Signal transduction by reactive oxygen species (ROS; "redox signaling") has recently come into focus in cellular biology studies. The signaling properties of ROS are largely due to the reversible oxidation of redox-sensitive target proteins, and especially of protein tyrosine phosphatases, whose activity is dependent on the redox state of a low pKa active site cysteine. A variety of mitogenic signals, including those released by receptor tyrosine kinase (RTKs) ligands and oncogenic H-Ras, involve as a critical downstream event the intracellular generation of ROS. Signaling by integrins is also essential for the growth of most cell types and is constantly integrated with growth factor signaling. We provide here evidence that intracellular ROS are generated after integrin engagement and that these oxidant intermediates are necessary for integrin signaling during fibroblast adhesion and spreading. Moreover, we propose a synergistic action of integrins and RTKs for redox signaling. Integrin-induced ROS are required to oxidize/inhibit the low molecular weight phosphotyrosine phosphatase, thereby preventing the enzyme from dephosphorylating and inactivating FAK. Accordingly, FAK phosphorylation and other downstream events, including MAPK phosphorylation, Src phosphorylation, focal adhesion formation, and cell spreading, are all significantly attenuated by inhibition of redox signaling. Hence, we have outlined a redox. circuitry whereby, upon cell. adhesion, oxidative inhibition of a protein tyrosine phosphatase promotes the phosphorylation/activation and the downstream signaling of FAK and, as a final event, cell adhesion and spreading onto fibronectin.

Reactive oxygen species as essential mediators of cell adhesion: the oxidative inhibition of a FAK tyrosine phosphatase is required for cell adhesion / P. CHIARUGI; G. PANI; E. GIANNONI; L. TADDEI; R. COLAVITTI; G. RAUGEI; M. SYMONS; S. BORRELLO; T. GALEOTTI; G. RAMPONI. - In: THE JOURNAL OF CELL BIOLOGY. - ISSN 0021-9525. - STAMPA. - 161(5):(2003), pp. 933-944.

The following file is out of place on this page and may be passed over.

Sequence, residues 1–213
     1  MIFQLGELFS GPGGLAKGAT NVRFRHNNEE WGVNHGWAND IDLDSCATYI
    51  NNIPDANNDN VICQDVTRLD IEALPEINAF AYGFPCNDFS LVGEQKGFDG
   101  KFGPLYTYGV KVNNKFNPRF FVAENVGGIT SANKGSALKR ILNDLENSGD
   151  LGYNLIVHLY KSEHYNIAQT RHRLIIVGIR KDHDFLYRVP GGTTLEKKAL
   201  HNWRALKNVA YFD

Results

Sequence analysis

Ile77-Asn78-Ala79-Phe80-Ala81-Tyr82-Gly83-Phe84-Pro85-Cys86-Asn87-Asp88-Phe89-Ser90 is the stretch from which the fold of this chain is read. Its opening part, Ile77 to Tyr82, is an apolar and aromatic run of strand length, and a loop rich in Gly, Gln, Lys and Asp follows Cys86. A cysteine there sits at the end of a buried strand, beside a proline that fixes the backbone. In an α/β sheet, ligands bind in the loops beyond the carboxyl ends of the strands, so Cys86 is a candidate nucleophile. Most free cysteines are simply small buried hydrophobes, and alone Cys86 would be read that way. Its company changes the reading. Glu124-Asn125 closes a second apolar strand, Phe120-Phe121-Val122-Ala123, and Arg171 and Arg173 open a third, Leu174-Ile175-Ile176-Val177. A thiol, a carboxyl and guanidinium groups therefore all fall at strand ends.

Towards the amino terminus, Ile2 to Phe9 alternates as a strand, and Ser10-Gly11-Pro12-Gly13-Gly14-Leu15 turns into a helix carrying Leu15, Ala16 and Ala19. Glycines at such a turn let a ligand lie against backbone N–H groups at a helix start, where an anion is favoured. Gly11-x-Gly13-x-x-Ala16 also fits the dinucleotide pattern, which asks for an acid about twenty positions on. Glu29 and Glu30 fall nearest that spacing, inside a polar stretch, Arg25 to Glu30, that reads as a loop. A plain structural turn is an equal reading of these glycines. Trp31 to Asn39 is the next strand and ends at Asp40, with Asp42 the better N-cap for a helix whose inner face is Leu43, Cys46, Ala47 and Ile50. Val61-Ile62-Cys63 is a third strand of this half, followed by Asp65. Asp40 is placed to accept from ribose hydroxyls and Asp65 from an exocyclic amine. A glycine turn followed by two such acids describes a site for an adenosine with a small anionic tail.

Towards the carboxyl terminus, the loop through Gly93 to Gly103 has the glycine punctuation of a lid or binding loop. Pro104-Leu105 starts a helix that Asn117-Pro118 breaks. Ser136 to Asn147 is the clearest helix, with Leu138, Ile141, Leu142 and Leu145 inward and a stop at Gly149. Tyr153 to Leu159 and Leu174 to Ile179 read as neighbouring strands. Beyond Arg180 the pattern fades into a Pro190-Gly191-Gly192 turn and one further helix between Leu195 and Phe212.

Reactive oxygen species as essential mediators of cell adhesion: the oxidative inhibition of a FAK tyrosine phosphatase is required for cell adhesion.

CHIARUGI, PAOLA;GIANNONI, ELISA;TADDEI, MARIA LETIZIA;RAUGEI, GIOVANNI;RAMPONI, GIAMPIETRO
2003

Abstract

Signal transduction by reactive oxygen species (ROS; "redox signaling") has recently come into focus in cellular biology studies. The signaling properties of ROS are largely due to the reversible oxidation of redox-sensitive target proteins, and especially of protein tyrosine phosphatases, whose activity is dependent on the redox state of a low pKa active site cysteine. A variety of mitogenic signals, including those released by receptor tyrosine kinase (RTKs) ligands and oncogenic H-Ras, involve as a critical downstream event the intracellular generation of ROS. Signaling by integrins is also essential for the growth of most cell types and is constantly integrated with growth factor signaling. We provide here evidence that intracellular ROS are generated after integrin engagement and that these oxidant intermediates are necessary for integrin signaling during fibroblast adhesion and spreading. Moreover, we propose a synergistic action of integrins and RTKs for redox signaling. Integrin-induced ROS are required to oxidize/inhibit the low molecular weight phosphotyrosine phosphatase, thereby preventing the enzyme from dephosphorylating and inactivating FAK. Accordingly, FAK phosphorylation and other downstream events, including MAPK phosphorylation, Src phosphorylation, focal adhesion formation, and cell spreading, are all significantly attenuated by inhibition of redox signaling. Hence, we have outlined a redox. circuitry whereby, upon cell. adhesion, oxidative inhibition of a protein tyrosine phosphatase promotes the phosphorylation/activation and the downstream signaling of FAK and, as a final event, cell adhesion and spreading onto fibronectin.
2003
161(5)
933
944
P. CHIARUGI; G. PANI; E. GIANNONI; L. TADDEI; R. COLAVITTI; G. RAUGEI; M. SYMONS; S. BORRELLO; T. GALEOTTI; G. RAMPONI
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Utilizza questo identificatore per citare o creare un link a questa risorsa: https://hdl.handle.net/2158/252835
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